Wednesday, September 12, 2018

Political Dogwhistles

Perhaps I should lead off by admitting that I am a conservative voter, albeit I sit just to the right of centre, as did my father. And at my age of 55 years I have to say that I have accepted the fact that I am almost a clone of him. I should also add that that is not at all a bad thing. He was one of a small group who lobbied for and implemented the pharmaceutical benefits scheme that allowed the poor and relatively so to gain access to medications they could not otherwise have. He also led a negotiating committee for over 10 years which finally succeeded in getting back the money that government stole from his profession. And it was his colleague who, at my fathers funeral, could not help but quote a line from a speech he gave at the Guilds most well attended AGM post fiasco.

"Government does not alter agreements honorably entered into. It simply abandons them."

For what it was worth, he'd said to me in private, it was a message that had to be delivered to those representatives of government he'd made sure were occupying the front tables at that AGM. He didn't suspect it would alter any future similar behavior but it was, he thought, a necessary comment about a lamentable display of human stupidity and deceit. Which brings me to the new Prime Minister and an article penned by Greg Sheridan, The Australian Newspaper senior editor and, they always have to point out, another enamoured with his own and the PMs belief and surety in Big Daddy. Their belief in a god concept rather belittles the position they hold. They do not only believe in it (as in the concept), they are convinced that what they cannot see nor touch nor objectively verify in any way at all is necessarily going to be the very belief that powers the parties 'values' and everyone else's by default. And what value is there in a belief that one is the pet of a being which is the cause, meaning and solution to all things everywhere? What is the problem with that?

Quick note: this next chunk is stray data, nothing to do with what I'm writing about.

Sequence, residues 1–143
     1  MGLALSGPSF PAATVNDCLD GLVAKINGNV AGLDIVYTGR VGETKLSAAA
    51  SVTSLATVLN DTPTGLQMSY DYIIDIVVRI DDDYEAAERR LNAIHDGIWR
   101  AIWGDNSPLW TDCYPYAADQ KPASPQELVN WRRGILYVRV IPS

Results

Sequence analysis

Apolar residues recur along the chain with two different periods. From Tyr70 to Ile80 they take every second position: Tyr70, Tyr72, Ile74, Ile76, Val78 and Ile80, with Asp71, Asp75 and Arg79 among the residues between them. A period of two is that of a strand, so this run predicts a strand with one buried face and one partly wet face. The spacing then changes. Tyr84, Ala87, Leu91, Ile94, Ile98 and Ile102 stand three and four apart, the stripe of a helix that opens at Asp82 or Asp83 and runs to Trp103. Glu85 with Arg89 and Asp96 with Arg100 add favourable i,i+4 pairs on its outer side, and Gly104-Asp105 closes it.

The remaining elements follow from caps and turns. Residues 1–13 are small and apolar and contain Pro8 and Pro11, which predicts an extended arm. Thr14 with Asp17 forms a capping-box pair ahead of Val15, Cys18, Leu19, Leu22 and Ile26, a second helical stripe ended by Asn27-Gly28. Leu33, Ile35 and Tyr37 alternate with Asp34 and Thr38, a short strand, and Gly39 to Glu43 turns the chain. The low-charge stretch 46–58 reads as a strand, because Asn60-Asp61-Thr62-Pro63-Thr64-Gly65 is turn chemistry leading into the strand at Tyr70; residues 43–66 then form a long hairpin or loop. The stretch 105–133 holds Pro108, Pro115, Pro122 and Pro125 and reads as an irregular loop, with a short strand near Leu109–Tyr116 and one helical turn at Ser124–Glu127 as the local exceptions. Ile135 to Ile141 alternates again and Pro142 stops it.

Philosophy has the word epistemology which concerns not beliefs themselves, but how one manges to establish, or move, one's beliefs to the position of knowledge. Anyone making a decision about anything is using some type of epistemology or method whereby they arrange or glue together an idea, argument or belief. But can all methods help us build reliable knowledge? No they bloody well can't. If we assume to know that any supernatural concept is a description of reality it is to say precisely this - When it all boils down, we can only make the claim to know a god exists (and all of the other claims thereby attached) by merely pretending to know it does. Dressing that belief in rhetoric, metaphor and appeals to each and every logical fallacy can't move it any further than pure personal belief.